Difficult customers

image_pdfimage_print

Sunday 26 June 1664

Click above to read the diary. Mostly about Pepys enjoying himself – a thunderstorm – medical attitudes.

Any trader will have a mixture of good, bad, and indifferent customers. I’ve had a couple in the last 24 hours. The first one was a charming and delightful couple, a potter and a musician who welcomed us warmly and gave us a cup of tea and told us what was required. there are a number of things that customers do not think of and one of them is access. If you’re going to take large amounts of greenery or brick or wood through a small cottage the likelihood is that you will bang something. We were asked to cut a hedge in the front garden, that’s fair enough, but the back garden with an equal amount of spoil had no exit apart from a small gate leading to a very narrow path leading to a lane leading to the road. This would have tripled the time on the job due to dragging stuff backwards and forwards.

The customer does not see this as ‘work’, it’s not actually the cutting down of trees but clearing is just as important and the working conditions can often double the cost. I’m looking at another job which takes place on four levels which can only be reached via 12 narrow steps. the chances of having an accident are markedly increased and therefore we have to go slower. I’m going to charge three times what I normally charge if the job was on level ground and had easy access to a removal vehicle.

The first couple when told what the bill would be accepted it with enthusiasm but then rang me back to say they had been a little bit overwhelmed and could not afford even the lower price I gave them. It is very difficult to tell whether someone has the money to pay you and you don’t want to be suspicious of everyone and demand money in advance, although I know some people do for example lawyers or solicitors who will demand £5000 down payment in any commercial matter. But I don’t want to get like this, I would rather trust everyone.

Some people have never had a quotes before and have no idea what to expect and think back to a time when £10 an hour was a reasonable wage for cash in hand or as they think is cash in hand. anyway I realise that after paying their mortgage, this lovely young couple didn’t have two pennies to rub together and called us as a crie do coeur  because the uncle who usually did the hedges was not immediately available. There is no way that I can think of to determine in advance whether someone has the money to pay. The only precaution I can think of is to tell people that it will not be less than say £300 and if they jump against that they will probably not be able to pay what the trader is worth.

The second person was a lady of senior years who used to work in the NHS. She is living in a large house in a village that has very little community spirit and is thinking of moving elsewhere. She is deeply appreciative and grateful of the help we are able to give and always makes sure we are adequately compensated. It’s not often you meet someone of 87 years of age who is as bright as a button, will hold their corner with anyone, sees the implications of something in a flash. I love such people and admire their spirit.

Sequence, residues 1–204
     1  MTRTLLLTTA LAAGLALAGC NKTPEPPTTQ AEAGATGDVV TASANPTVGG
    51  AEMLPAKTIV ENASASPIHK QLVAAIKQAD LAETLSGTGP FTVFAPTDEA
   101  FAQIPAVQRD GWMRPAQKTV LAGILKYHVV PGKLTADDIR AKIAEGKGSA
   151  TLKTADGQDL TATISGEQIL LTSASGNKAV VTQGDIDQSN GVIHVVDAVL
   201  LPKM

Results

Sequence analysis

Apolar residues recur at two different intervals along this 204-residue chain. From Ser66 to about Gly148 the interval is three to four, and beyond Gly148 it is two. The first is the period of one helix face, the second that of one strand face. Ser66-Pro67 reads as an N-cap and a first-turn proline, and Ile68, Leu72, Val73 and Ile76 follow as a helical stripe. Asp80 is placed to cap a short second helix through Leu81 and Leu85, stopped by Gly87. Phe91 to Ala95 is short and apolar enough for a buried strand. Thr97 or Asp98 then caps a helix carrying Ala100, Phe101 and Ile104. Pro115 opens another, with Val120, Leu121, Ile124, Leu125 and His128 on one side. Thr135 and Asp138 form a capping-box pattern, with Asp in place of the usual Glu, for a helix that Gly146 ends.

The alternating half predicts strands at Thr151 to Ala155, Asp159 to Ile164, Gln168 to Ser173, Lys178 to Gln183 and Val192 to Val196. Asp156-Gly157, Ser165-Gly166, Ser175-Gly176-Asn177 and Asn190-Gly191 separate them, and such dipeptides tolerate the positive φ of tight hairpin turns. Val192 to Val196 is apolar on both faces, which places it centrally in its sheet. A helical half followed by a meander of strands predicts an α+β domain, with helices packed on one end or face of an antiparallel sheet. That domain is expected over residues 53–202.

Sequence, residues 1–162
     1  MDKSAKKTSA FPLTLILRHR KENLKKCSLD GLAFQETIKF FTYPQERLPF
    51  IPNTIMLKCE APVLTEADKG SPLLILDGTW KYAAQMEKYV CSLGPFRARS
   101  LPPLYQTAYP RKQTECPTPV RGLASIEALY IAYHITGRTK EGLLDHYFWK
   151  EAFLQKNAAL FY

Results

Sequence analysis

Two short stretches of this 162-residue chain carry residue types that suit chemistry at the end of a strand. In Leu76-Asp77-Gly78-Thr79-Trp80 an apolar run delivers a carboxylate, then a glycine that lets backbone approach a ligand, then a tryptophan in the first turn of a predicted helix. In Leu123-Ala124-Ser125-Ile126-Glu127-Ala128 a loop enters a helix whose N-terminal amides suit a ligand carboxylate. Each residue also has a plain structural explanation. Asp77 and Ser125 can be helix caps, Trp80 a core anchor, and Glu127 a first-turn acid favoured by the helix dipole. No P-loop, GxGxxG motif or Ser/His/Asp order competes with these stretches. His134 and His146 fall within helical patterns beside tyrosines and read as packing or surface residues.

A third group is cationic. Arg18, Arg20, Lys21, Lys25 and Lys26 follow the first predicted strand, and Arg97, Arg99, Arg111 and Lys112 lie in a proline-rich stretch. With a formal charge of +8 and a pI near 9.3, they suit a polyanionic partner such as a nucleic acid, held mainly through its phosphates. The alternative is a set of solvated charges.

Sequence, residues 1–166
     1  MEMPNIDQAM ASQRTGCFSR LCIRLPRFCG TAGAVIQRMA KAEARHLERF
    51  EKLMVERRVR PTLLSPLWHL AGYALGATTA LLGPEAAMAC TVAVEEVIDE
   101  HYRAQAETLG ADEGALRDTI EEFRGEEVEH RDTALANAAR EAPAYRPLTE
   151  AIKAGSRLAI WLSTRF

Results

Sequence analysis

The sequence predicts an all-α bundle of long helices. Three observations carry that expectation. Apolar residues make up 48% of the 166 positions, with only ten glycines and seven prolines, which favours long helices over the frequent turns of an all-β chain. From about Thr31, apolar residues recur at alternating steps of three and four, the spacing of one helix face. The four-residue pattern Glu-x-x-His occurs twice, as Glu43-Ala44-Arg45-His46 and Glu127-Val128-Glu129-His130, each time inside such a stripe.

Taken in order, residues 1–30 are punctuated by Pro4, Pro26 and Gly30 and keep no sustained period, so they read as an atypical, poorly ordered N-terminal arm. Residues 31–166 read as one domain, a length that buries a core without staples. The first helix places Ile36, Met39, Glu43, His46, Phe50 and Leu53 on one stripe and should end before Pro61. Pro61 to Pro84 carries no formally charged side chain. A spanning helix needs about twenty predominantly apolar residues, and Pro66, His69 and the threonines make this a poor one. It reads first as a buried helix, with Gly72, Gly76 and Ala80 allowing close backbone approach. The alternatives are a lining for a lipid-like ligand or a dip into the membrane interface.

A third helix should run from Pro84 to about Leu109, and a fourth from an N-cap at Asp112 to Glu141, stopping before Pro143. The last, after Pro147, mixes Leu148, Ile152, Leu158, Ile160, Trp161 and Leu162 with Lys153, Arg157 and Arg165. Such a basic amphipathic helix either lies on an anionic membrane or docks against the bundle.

I’m also thinking of very rich people who got rich by being mean. they will always try to beat you down because that’s what they do. In that case you need to simply stick your ground and say “that is the price”. In other words take it or leave it. On the other end of the scale you have the very poor people, sometimes on Social Security, who really cannot afford anything but are in desperate need normally due to physical infirmity  to have their garden at least looking respectable. In this case I will sometimes work for less than I know I should do as an act of social service and so long as this doesn’t happen every day I don’t mind.

Another safeguarding factor is to get everything in writing. I will give people a quote verbally and then e-mail them. And I will tell them that before the job can start they need to confirm the offer and in effect make a contract. This makes people more serious, we could say it concentrates the mind wonderfully. Money brings out the best and worst sides in people. Gardening is slightly better than other trades because it is personal and the trader is well advised to get to know the people and treat them as human beings. This not only makes the transaction more satisfactory, it enables the exposure of any problems a person might have in making payment.

I am in the countryside where a lot of people know each other.I’m quite happy to take a cheque especially if they are living on the property because they’re not going to go anywhere. You stand or fall by your reputation in the country and word does get around very quickly. In big cities I would hesitate before taking anything other than cash.

I once worked for a woman who said that she was unable to pay very much for a job but then let slip that she was thinking of buying a flat in another city as opposed to the large house that she had just to try and see what it was like living in another place. This woman has plenty of money. The newcomer is better advised to state the price and keep to it. I tend to say to people that they do not pay unless they are satisfied with what I’ve done and I always go round at the end of the job and discuss it and ask if there is anything else they want done. There is nothing worse than ending the job on a bad note because you drag the entrails around after you.

Having said that, there is a saying that you cannot please all the people all the time. You can give identical service to people and some will pay with a beam on their face, some will just push the money and you with hardly a smile on their face and be glad when you’re out of the place as quickly as possible.

Such is human nature and there is plenty of it around.

 

Leave a Reply